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Discussion Starter · #1 ·
I am toying with buying a biscuit cutting bit set etc. from MCLS or maybe Grizzly. Any comments from the old wise men. I'm convinced the PC #577 is a marvelous device, but if I can do the same thing with a tool I already have (4-routers) why lay out the money. I acknowledge that doing the biscuit jointing etc with a router may take more time. But is is basically any easier? Thanks gents. :confused:
 

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Hi Birch

pros. and cons.
It's easy on the router table but not so with a plunge router or standard fixed base :)

If you can get the stock to the router table that's the way to go BUT if the project is to big then the PC #577 is the way to go.

I have made many jigs to use on the router table because it so quick and easy to do, the table is always setup all I need to do pop in the slot cutter and do the job. it can be the #0 to the #20 .

BUT
Right tool for the right type of job. :)

I don't have the new type Plate Joiner 577 from PC but I have and use the old type about 10 years old or so.

You may want to take a look at the link below for the slot cutters.
I have all 3 ,Grizzly, eBay ones and the MLCS ones and they are the same.

Best price=ebay
http://cgi.ebay.com/1PC-1-2-SH-Slot...7823800QQihZ003QQcategoryZ50386QQcmdZViewItem
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http://www.mlcswoodworking.com/shopsite_sc/store/html/smarthtml/pages/bt_slot.html

http://www.mlcswoodworking.com/shopsite_sc/store/html/smarthtml/pages/biscuits.html#biscuits_anchor

Bj :)
 

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One of the newer biscuit cutters will do more, but this really depends on how often you need the added features to figure out the value to you. I will mention that last month I was in Sears and found their Biz-kit system on clearance for $10. Most routers cound be mounted to the adaptor by drilling a couple holes and this is by far the cheapest method.
 

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Biscuit jointers

I've said it before and I'll say it again, there is no substitute for dedicated tools, biscuit jointer's are now so low in price, here in Australia there are a few at less than $A60.00 so in the USA I'm sure that brands like GMC cost peanuts and for hobby use will last a life time. I know that anyone progressing from dowells to biscuits will never return to dowells after all, what is simpler than marking, ruler not required, after plunging, move from side to side to widen the groove making assembly so simple as the two pieces can be slid into alignment. Harry
 

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I have used both a dedicated and the router table and the Craftsman biscuit system. I rarely use biscuits myself and I find the dedicated joiner much quicker than any other method. Mike, I didn't like the Craftsman Biscuit System... I think it cost about 40.00 back when I got it as a gift. Seemed clunky to use but at 10.00 if you had to do just a few it would be ok and cheap. Had to do a bunch one time and bought a dedicated unit. Haven't used any of them much since then.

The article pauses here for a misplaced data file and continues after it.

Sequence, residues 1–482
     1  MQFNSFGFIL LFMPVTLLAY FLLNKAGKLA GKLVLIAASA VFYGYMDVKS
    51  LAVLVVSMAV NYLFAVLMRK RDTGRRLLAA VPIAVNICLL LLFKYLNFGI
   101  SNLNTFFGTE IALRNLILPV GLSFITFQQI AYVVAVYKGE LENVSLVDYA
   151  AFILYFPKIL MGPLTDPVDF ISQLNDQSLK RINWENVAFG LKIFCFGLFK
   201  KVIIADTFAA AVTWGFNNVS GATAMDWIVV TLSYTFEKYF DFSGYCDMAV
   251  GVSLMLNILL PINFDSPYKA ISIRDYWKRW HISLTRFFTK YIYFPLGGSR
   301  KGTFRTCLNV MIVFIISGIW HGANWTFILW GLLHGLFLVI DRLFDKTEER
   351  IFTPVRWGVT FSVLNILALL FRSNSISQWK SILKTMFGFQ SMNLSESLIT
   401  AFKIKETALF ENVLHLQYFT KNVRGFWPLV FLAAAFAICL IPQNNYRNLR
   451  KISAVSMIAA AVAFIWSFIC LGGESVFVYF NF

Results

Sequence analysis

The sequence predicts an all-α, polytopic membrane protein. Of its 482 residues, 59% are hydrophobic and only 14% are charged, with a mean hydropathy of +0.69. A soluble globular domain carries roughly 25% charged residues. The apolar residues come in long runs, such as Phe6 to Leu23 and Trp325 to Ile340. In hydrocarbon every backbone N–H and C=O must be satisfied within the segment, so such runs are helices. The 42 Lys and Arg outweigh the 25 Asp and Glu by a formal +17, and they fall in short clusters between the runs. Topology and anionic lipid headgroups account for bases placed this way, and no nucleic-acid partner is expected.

I do have the Craftsman Mini-Biscuit Joiner. I use that a ton with my box work. It's made by Ryobi like a lot of Craftsman stuff... they discontinued there own which was in blue and yellow but I use the craftsman a lot for putting knobs on boxes, on mitered boxes where I don't want to use any key's or anything like that. It's a neat little tool and if they ever discontinue it I will buy every blade I can get my hands on and a bunch of the splines.

Corey
 

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Discussion Starter · #7 ·
Ahhhh yes....multiple and mixed opinons! Ha! I guess my instinct is to go with the PC 577. No shimming as might be needed using the router in a table etc. - just adjust the #577 and let 'er go.
I will mull it over some more but I truly appreciate your guidance fellas.
 

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Hi Birch

JUST a Note ***

No shimming needed on the router table the fence will do all the work for you :)

Just pop in the slot cutter bit and push the stock into the stock. :)
All you need to do is put some masking tape on the fence so you can mark a center line.

Bj :)
 

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Maybe I'm missing something despite having used the router table for cutting biscuit slots in board edges re panel glue up. However I don't think it can be done re cutting biscuit slots in the face of a board & you can do that with a dedicated biscuit cutter.

Lee
 

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HI Lee

It's done the same way you do the edge of the board but the masking tape is on the table top (because the center of the slot cutter can't be seen) and you use a push block to push it into the slot cutter, I don't use masking tape the norm I just mark the center on the top with a black marker.
But it works great it's always dead on because the router top is doing the work for me.
I use a 4" x 6" push block the norm. :)
Once you do the edge don't move the bit up or down and they will line up the stock just right.

Bj :)
 
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